Dave Stoup.

Billy Franklin and Mikie Hunter from Bedrock Nursery in Oklahoma were also there to help. Mikie was always manning a shovel and assisted in placing the rocks. Allen Chadic from Repond in Oklahoma was always in the pond, ready to assist in any way. While their husbands were out on the job site, Jill Camp and Ginger Chadic made sure everybody had plenty of water and food and that everything ran as smoothly as possible behind the scenes. Amy had her hands full just helping me figure out how all of this was going to work, so she was happy to have the help. 

Day Two

Sunday came and, of course, it was raining. Welcome to Alabama! Regardless of the rain, everybody showed up ready to go and worked hard to get the last of the rocks set. By the time I got there, I was able to sit under the tent and watch a good amount of the work get done. I was amazed at the amount of dedication I saw before me. 

We had about two tons of flagstone to lay on the bottom of the pond, and it seemed like everyone was helping.

The guys worked on laying the 3-inch pipe from the external pump to the bog area. They also split it and put in a valve to have the water flow over a rock and create another waterfall. They also added a jet on the far-left side to push water to the intake bay. 

As the day wrapped up, the number of workers started to dwindle, as some of them had to catch flights out of town. The guys who really stood out and stayed in the rain were Tim Camp, Benjamin Timmermans, Larry Moore Jr., John Magyar, David Shaw, Allen Chadic, Landon Malave, Billy Franklin and Mikie Hunter. (I apologize if I did not remember everyone’s names. I was pretty overwhelmed by everyone showing up and offering their support!)

By the end of Sunday, the job was basically 95% done. The bog consisted of a self-made centipede and Aquascape snorkel. There were approximately 25 large AquaBlox used and another snorkel for the intake bay. We used 3-inch pipe and a Sequence external 13,000-gph pump. We also installed a jet and flagstone steps going down to the bottom. We used 50 tons of mixed boulders and 10 tons of pea gravel and river rock. If my two guys and I were to do this job ourselves, it would have taken us over a month. It took about two weeks for my guys to wrap up the small details after the weekend was over.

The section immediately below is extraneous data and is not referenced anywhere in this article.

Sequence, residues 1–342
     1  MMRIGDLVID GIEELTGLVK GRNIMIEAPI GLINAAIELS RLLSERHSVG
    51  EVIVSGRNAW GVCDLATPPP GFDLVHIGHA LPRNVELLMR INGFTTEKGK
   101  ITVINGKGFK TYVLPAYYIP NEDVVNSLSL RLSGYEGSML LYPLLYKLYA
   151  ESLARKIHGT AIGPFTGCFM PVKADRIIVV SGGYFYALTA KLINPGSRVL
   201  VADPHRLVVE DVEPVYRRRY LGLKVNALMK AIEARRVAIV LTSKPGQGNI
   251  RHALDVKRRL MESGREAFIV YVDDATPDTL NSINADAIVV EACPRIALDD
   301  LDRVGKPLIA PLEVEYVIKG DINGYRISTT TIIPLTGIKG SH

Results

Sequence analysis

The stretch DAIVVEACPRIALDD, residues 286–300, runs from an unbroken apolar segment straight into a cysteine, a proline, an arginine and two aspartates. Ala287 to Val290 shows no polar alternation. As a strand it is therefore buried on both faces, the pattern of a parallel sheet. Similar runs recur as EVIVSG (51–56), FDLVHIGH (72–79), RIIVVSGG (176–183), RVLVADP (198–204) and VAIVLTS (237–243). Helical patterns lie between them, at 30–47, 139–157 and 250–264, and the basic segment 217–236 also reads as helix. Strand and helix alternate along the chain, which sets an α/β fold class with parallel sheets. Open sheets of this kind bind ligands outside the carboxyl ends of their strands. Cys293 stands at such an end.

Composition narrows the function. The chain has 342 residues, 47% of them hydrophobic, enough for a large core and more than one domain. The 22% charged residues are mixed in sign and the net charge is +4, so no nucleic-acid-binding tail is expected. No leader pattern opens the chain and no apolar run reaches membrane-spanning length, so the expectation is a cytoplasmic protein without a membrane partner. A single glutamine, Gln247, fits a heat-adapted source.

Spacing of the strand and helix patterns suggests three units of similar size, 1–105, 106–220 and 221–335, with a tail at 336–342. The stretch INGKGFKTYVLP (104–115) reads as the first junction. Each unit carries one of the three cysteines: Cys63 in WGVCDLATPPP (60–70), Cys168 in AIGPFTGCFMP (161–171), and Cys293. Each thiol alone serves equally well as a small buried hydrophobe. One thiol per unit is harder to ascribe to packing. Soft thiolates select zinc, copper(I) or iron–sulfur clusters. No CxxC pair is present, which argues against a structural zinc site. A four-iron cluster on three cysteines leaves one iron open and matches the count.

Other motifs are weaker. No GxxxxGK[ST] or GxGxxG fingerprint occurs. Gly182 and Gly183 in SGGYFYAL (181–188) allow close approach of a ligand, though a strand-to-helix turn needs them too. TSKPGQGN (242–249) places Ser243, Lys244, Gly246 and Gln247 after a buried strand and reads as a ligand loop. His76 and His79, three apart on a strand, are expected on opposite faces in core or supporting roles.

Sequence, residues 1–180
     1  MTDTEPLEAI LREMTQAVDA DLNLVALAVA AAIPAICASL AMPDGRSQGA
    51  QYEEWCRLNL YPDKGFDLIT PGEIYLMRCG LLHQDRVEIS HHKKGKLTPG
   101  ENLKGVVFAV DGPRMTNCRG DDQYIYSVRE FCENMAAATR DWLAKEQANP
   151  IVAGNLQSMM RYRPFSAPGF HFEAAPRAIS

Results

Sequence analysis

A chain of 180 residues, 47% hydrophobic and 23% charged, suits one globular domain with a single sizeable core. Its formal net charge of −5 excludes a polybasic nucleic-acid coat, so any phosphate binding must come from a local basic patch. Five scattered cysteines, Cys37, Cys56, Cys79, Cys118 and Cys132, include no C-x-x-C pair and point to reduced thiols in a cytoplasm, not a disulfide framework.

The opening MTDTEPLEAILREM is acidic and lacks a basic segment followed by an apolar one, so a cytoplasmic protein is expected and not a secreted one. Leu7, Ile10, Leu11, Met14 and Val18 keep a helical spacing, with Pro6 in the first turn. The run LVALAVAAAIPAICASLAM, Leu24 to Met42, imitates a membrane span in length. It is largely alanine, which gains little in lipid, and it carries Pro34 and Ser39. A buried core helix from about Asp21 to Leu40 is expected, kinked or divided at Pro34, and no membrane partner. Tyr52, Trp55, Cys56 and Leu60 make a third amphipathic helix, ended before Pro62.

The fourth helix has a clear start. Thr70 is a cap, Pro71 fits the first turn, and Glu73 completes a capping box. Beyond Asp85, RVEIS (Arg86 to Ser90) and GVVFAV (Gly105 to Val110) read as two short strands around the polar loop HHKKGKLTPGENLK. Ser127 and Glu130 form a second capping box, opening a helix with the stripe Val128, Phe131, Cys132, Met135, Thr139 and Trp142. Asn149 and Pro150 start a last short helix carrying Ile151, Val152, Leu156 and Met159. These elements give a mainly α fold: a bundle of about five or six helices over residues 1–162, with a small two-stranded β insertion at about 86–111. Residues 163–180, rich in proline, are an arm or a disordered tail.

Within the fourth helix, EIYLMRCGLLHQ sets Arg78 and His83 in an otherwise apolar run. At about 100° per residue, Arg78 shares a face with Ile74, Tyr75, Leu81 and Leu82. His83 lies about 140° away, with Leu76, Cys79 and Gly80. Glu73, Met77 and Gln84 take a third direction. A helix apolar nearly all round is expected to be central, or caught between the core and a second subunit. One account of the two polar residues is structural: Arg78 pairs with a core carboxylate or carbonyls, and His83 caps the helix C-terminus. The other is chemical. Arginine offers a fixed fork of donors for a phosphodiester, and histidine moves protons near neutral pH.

This wasn’t the first time the Aquascape team and other pond builders had come to the rescue on my behalf. Just a few weeks before, while I was still in the hospital, more than 40 contractors came to Alabama from all around the country to help my company complete a pondless waterfall build. A huge thank you goes out to Greg Wittstock, Ed Beaulieu, Geovanny DeLa Cruz, Aquascape Inc., and everyone else who came out to assist my company and me.

Silver Linings

They say there is a silver lining to be found in every bad situation. My silver lining is two people: my wife Amy and Jerome Fischer. Fischer saw a social media post of mine that said I was afraid I would lose my business now that I am in a wheelchair. He and I came up with a plan to become business partners and grow the business. Fischer’s passion and love of the pond business will help my company move ahead smoothly into the future. I am thankful to have Fischer as my business partner and a part of my life in general. Our sales have been great, and we’re booked up to the end of the year. I was surprised it could happen with me in a wheelchair!

I’d like to thank everybody in the pond industry for thinking of me and my family and for helping us as a company go through what was probably the hardest time of my entire life. I just can’t thank everybody enough. 

I don’t want this industry to forget that we’re one big family, whether you use one product or another. We all live for the same passion and share the same love in our hearts. When one of us goes down, it’s up to the rest of us to pick them up. In my case, you all made me believe that people out there really are, in fact, good.

Kloubec Koi Farm